10/04/2013 08:52 BST | Updated 10/04/2013 08:58 BST

Street Parties for Marmite Maggie are Simply Bad Taste

During my Tuesday morning twitter scroll, I was greeted with an unprecedented flurry of bile aimed toward Margaret Thatcher. I immediately concluded it was down to one of two probabilities; She had either, in her dementia ridden state, made some sort of off the cuff bigoted remark or she had died. It was the latter. I always knew the day Thatcher passed would stir up some less than kind sentiments towards the former Prime Minister. I certainly pre-empted a few 'ding dong the witch is dead's and perhaps a cruel caricature or two, but nothing could prepare me for the sheer quantity of maliciousness and venom aimed at a dead woman. Through the onslaught of abuse and jeers, I couldn't help but hope her grieving family were somehow shielded from the growing hysteria. I unfortunately doubt they were.

It is an uncomfortable growing trend, to take the piss out of delicate subjects, especially if they are delicate subjects concerning somebody within the public eye. It is an apparent sign of wry wit I have always found hard to stomach. Pistorious jokes flew thick and fast during his murder trial last February, without a second thought being given to the fact a 29 year old woman had been killed by her boyfriend. Him being an athlete and a legless one, just didn't make this fact any funnier to me. I couldn't care less about how boring it makes me, not seeing see the benefit in cheering the death of a very unpopular ex politician. Of course, I do not expect those less inclined to Thatcher to suddenly speak well of her simply because she has passed. I don't even think we need to feign sadness at her passing, (though I personally find death a generally sad occasion, regardless of who it is in most circumstances). But is there not a happy medium between drafting a loving speech for her funeral and burning an effigy? How about not having anything nice to say so not bothering? People constantly continue to conflate a lack of empathy with intelligence. Disrespecting the dead? Its not big and its not clever. Its just bad taste.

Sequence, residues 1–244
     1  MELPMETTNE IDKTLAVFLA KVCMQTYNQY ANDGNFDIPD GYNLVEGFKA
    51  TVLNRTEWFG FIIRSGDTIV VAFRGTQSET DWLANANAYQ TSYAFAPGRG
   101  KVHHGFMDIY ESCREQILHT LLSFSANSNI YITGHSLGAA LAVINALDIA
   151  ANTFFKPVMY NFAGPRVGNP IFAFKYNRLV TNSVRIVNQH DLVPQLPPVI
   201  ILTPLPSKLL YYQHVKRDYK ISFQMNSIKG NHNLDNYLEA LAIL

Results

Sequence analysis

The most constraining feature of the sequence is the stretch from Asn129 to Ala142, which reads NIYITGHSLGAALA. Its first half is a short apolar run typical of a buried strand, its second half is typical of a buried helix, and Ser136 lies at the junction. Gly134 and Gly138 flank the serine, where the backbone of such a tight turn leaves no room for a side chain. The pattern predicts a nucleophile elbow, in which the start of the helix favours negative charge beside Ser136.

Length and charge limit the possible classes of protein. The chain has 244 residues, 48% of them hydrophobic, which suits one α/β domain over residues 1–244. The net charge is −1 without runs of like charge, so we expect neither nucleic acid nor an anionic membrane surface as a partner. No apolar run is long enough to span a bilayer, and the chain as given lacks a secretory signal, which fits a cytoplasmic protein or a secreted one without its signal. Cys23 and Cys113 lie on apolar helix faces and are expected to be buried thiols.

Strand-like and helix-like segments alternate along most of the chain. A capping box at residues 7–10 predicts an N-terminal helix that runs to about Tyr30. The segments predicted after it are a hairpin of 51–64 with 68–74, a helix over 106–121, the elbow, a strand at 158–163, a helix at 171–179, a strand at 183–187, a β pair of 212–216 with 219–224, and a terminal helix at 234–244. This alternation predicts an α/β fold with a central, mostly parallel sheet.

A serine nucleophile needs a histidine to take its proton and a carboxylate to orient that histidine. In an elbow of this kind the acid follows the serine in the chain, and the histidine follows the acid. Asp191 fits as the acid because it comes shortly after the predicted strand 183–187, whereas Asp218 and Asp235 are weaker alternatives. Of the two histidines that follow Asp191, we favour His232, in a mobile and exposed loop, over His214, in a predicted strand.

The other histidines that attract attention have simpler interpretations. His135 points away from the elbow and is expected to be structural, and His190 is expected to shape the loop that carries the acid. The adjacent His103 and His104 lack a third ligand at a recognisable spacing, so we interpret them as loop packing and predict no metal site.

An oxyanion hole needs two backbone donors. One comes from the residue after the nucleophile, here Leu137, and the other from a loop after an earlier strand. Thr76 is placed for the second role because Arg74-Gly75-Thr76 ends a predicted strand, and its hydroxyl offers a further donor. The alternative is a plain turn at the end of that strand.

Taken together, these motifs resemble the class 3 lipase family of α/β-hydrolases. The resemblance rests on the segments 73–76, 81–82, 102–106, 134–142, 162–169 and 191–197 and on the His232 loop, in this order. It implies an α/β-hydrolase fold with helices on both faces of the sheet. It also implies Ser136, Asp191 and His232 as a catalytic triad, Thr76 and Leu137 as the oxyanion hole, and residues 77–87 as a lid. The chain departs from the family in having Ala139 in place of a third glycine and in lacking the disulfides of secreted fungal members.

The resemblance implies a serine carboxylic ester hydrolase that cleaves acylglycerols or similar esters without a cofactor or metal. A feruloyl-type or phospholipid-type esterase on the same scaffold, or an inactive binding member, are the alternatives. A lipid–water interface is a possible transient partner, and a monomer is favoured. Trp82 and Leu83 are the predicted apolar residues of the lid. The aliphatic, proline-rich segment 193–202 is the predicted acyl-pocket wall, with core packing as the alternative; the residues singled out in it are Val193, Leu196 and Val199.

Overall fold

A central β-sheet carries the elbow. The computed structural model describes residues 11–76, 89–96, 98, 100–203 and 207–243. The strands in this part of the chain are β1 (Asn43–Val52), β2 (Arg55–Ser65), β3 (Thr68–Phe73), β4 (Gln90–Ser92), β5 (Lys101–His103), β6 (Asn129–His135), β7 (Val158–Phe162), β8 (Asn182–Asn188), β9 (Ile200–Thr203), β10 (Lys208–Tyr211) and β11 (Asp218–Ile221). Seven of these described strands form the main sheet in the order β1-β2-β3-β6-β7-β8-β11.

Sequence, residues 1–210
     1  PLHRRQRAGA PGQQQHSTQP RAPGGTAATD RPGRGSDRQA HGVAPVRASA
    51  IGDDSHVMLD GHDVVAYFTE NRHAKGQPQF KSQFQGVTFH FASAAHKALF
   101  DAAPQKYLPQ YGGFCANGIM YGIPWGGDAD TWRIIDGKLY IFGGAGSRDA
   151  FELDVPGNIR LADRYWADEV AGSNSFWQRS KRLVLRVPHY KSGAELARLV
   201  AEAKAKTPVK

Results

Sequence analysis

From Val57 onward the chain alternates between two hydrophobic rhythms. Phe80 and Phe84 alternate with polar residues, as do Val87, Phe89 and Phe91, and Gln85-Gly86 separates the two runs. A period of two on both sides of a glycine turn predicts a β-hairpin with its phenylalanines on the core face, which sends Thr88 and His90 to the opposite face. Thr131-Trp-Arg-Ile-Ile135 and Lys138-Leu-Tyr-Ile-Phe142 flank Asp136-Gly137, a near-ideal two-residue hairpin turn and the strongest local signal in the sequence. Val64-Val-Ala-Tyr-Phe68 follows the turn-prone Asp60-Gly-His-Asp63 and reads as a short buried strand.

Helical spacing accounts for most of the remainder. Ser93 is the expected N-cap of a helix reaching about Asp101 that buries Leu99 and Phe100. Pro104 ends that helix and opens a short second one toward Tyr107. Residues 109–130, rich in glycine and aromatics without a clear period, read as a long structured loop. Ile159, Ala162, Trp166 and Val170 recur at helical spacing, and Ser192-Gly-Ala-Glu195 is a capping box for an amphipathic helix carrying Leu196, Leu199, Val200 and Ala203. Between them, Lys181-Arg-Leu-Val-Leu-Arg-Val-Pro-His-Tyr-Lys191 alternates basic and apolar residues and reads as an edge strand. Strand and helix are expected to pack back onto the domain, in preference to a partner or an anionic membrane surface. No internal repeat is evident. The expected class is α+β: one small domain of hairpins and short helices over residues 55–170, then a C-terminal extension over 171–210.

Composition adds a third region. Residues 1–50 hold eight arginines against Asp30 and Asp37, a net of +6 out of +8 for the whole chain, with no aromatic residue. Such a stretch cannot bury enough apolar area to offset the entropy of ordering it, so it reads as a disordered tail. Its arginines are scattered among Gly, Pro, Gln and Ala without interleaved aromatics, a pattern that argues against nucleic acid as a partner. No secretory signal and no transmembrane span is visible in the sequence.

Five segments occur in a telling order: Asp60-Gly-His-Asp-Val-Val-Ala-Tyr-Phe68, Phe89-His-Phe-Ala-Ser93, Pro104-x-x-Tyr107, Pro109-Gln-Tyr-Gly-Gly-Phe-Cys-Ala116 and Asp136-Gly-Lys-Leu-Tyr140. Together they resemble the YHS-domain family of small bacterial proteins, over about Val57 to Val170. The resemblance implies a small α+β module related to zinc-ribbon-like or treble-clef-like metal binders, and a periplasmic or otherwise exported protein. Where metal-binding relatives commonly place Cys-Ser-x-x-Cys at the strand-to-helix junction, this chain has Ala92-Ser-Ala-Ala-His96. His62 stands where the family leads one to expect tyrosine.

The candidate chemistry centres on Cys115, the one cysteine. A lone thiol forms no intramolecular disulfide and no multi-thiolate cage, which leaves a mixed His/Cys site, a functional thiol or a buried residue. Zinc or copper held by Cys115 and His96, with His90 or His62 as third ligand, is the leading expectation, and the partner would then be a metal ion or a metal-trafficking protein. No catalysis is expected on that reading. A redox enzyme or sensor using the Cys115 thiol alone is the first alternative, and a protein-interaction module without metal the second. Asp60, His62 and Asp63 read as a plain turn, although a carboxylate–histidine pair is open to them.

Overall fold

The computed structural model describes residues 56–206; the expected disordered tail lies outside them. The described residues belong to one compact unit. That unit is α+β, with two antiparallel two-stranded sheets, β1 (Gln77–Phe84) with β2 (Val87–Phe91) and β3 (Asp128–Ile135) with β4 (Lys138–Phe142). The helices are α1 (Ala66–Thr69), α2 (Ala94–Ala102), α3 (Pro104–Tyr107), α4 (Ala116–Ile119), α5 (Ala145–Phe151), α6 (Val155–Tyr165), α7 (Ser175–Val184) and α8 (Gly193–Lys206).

The most irritating thing of all is that those showing the most animosity towards Thatcher appear to be those whose lives she has affected least. The majority of people chugging cider outside The Ritzy in Brixton were trilby wearing hipsters trying to appear as left wing as possible as opposed to disillusioned ex miners. Sure, her changes may have negatively affected the lives of many, but I don't particularly feel its necessarily my place to get out the Cava. Its not only those who she affected in the 80's that I expect to have an aversion to her, but as arrests for damage to property already show, many of those roaming the streets in jubilation are doing so in a bid to come across as politically aware freedom fighters. Yet many interviewed attendees to the street parties were completely unable to articulate exactly what their issue with Thatcher was. How many attendees of the 'Thatcher is dead: LOL' party were even alive in the 80's I wonder?

Margaret Thatcher was 87 when she died and suffering from dementia. The flame haired battle axe everybody loved to hate died years ago. My question is, what exactly has her death changed? The effects of her policies are still felt decades later. Thatcherism lives on and it is completely pointless to begin popping champers as if she was incumbent Prime Minister at the time of her death. Dancing in the streets doesn't change the fact that 3.3 million people were unemployed in 1984. It doesn't provide financial reimbursement for all the affected families and the 28% of children who were considered to be below the poverty line by the time of her resignation. It doesn't provide a DeLorean to travel back in time and distribute milk to kids nationwide. It certainly doesn't change the fact university fees have recently trebled. Her death makes no difference to her legacy.

No matter what our view of what she did, she certainly made a difference- be it for better of worse. Marmite Maggie's death has truly divided a nation. I'm not saying she deserves to be mourned because she was Prime Minister. I'm saying she deserves to be mourned because she is a person, with a grieving family. And if you can't stomach an R.I.P, you shouldn't have to...but you certainly don't have to toast to her death. She changed Britain forever. She remains Britain first and only female Prime Minister, a great achievement albeit by a generally disliked individual. Nobody is expecting her naysayers to cry at the funeral (with anything other than happiness anyway); I just hope they will at least have decency not to egg her coffin. All I have to say is that I sincerely wish her family the best during such a hard time. I just hope its not made much harder than it has to be.